After seeing D. W. Griffith's epic Intolerance, Denmark's greatest director, Carl Theodor Dreyer (The Passion of Joan of Arc, Vampyr), was inspired to make his own four-episode historical ... See full summary »
Victor Frandsen is a domestic tyrant. His wife Ida has to work as a slave for him and the rest of the family. She rises early to prepare everything for the day, she toils all day long, and ... See full summary »
Carl Theodor Dreyer
It's New Year's Eve. Three drunkards evoke a legend. The legend tells that the last person to die in a year, if he is a great sinner, will have to drive during the whole year the Phantom ... See full summary »
Young traveler Allan Grey, a student obsessed with the occult, arrives in a remote inn and starts seeing weird, inexplicable sights (a man whose shadow has a life of its own, a mysterious scythe-bearing figure tolling a bell, a terrifying dream of his own burial). Things come to a head when one of the daughters of the owner of a nearby castle is dying of what appears to be anemia - or is it something more sinister? Written by
Michael Brooke <firstname.lastname@example.org>
Along with THE SHINING and THE BRIDE OF FRANKENSTEIN, the greatest horror movie ever made - shudder.
A conventionally Gothic vampire movie? A Surrealist dreamscape? A Borgesian labyrinth? A study of identity and its dissolution? A Christian parable about innocence and evil? A dramatisation of the mind? Too many horror films are unworthy of the name. They may have genuine scares and surprises, but their horrors are comfortingly contained in genre, in a recognisable place, with recognisable characters - the source of the horror is either crushed or resuscitated for the sequel, and if you actually await the return of a horror, it's not very horrible (honorable exceptions include THE SHINING, REPULSION).
If you were to use one word to describe the director of DAY OF WRATH and ORDET, it would not be generic. And yet many of his admirers are slighttly embarrassed that he followed his shattering, spiritual masterpiece THE PASSION OF JEANNE D'ARC with a Victorian potboiler. The ingrediants are depressingly familiar to anyone who's seen even half a dozen horror films - a Westernised foreigner (played by the film's aristocratic financier; this is not it's only point in common with Cocteau's THE BLOOD OF A POET) with an interest in the supernatural visits Eastern Europe; he stays in a decaying mansion-turned-inn where mysterious events occur, involving girls in trances, vampires and mad doctors.
The problem with most horror films is that they are too neat - their forms do not embody a content filled with decay, dismemberment, sensation, confusion, ambiguity, inexplicability. Anyone in love with Dreyer's formal purity will be shocked by how 'messy' VAMYPYR seems. Much of this may be the fault of the poor print I saw - a bleached frame that makes the credits illegible (although Mate's filtered blinding lighting is one of the sources of the film's unease); disjointed editing that suggests an ornery distributor's hand; the feel that this print is actually an assemblage of different prints - German language scenes alternate with dubbed English ones, the music seems to halt with jarring regularity.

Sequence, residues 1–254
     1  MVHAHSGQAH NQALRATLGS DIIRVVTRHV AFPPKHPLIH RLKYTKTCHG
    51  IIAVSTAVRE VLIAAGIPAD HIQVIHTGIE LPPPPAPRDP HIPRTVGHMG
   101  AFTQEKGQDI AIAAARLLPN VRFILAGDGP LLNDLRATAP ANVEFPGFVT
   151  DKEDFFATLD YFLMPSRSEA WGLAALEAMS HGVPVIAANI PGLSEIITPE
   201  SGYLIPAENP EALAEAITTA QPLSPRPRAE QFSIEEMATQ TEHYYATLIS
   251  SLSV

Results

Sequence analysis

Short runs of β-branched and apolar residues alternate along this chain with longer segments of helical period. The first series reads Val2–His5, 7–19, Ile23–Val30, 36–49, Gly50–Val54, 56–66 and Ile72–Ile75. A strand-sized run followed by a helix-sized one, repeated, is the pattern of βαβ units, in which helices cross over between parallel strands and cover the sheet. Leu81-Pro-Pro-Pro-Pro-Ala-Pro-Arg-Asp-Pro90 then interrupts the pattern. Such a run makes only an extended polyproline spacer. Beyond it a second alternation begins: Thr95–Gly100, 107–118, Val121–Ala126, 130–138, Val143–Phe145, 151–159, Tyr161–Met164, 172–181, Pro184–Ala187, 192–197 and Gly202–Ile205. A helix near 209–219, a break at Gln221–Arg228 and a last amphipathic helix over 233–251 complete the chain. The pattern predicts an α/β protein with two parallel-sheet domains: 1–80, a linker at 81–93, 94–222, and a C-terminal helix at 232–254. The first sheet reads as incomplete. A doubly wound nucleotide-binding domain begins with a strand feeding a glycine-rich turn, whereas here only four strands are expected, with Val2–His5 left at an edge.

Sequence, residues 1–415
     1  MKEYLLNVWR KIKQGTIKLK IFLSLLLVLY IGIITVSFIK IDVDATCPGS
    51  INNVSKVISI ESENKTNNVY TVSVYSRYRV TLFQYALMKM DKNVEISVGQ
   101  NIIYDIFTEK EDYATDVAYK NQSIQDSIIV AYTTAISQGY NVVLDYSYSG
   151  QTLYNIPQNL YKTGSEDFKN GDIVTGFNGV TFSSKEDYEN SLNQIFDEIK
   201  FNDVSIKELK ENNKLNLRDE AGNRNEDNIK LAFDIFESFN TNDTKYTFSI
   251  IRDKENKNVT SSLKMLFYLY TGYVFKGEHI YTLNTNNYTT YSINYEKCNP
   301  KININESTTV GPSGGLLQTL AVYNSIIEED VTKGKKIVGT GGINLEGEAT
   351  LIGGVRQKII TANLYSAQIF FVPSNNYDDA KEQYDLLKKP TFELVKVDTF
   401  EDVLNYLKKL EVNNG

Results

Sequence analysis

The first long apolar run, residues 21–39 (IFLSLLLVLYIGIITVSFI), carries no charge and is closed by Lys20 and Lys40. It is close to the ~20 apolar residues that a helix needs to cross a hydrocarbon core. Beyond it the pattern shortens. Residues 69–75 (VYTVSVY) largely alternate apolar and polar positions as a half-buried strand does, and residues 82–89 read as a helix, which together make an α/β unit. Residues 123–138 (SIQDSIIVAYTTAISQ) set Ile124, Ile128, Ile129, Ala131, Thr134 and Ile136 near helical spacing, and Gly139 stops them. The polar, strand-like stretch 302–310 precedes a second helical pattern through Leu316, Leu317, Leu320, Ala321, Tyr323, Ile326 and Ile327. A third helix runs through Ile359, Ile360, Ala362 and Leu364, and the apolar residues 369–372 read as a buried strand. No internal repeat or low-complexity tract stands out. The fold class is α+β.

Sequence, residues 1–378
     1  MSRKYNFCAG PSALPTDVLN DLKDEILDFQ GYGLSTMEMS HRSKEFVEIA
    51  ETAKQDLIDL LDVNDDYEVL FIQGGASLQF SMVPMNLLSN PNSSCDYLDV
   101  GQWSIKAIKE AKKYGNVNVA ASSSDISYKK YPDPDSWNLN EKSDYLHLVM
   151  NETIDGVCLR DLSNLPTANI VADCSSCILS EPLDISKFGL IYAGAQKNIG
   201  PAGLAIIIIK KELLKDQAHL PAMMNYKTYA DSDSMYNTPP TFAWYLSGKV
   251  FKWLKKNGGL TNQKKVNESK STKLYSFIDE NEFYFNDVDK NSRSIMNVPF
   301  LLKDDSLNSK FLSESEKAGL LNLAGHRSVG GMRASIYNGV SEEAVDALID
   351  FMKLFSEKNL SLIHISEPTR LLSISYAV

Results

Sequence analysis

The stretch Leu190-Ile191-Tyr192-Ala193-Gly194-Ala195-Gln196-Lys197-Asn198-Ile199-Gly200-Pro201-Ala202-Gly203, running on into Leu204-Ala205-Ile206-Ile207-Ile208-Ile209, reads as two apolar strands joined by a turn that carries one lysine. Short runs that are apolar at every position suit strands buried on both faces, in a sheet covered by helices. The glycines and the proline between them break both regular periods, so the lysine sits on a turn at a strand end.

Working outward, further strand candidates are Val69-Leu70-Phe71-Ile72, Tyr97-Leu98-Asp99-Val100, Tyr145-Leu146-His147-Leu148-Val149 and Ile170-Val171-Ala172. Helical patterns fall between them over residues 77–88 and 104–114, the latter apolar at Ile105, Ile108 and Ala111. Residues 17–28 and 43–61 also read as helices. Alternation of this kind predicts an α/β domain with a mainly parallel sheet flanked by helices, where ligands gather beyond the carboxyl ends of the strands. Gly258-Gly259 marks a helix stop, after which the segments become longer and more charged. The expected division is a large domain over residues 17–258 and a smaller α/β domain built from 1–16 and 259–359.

Normally this kind of vandalism is simply unacceptable to any work by a master, but somehow this butchery adds to the film's enigma. The film IS a Surrealist dreamscape - the mansion has no social reality, it is a rarefied space through which wander dreamlike characters. The images frequently have no narrative basis, but together create a chilling oneiric atmosphere - the bellringer with the scythe; the repeated motif of active shades; the waltz of the shadows, one of the most remarkable, unaccountable scenes in all cinema.
The film is also a labyrinth on many levels. Its hero is not one in the active, heroic sense - he wanders as if 'impelled', he is always looking on, or too late, and when he finally tries to act he succumbs to possible evil, the blood seeped out of him, his wholeness divided, until he finally watches from his own funeral. He spends most of the film walking, through corridors, stairs, doorways, out in the sheds and meadows, always framed, minimised, going nowhere, as in a maze, right back to where he started from.
The gliding camerawork, complex and astonishing still today, unthinkable in the stagy, clumpy early days of sound cinema, makes the fixed house, decor, genre seem fluid, unstable, alive. The film's structure is labyrinthine too
narrative traits begin and are quickly dropped, or simply don't make
sense, becoming non-sequiters. The 'reality' of the film is thoroughly undermined - we have difficulty separating the real and the imagined/dreamed, the innocent and the guilty. Plot, linear, frequently evaporates into unconnected imagery, circular, a series of motifs. The film itself, Dreyer's first sound film, features little dialogue, and is in many ways shot like a silent, with intertitles, stylised acting, and flickering, chiaroscuro imagery, further making ambiguous the status of what we see, the music and sound effects being vital.
Unlike most horror films, VAMPYRE does not move towards explanation of mystery and resolution of rupture. On the contrary, it is increasingly baffling, and if the big house in horror movies is often a signifier for the mind, then what we are watching is surely a visualisaiton of madness and breakdown. And yet the vampire plot itself seems to suggest peace and redemption to at least one of the sufferers. Whatever the meaning(s) of this quite extraordinary and beautiful film, you can bet the le Fanu novel isn't a patch on it.
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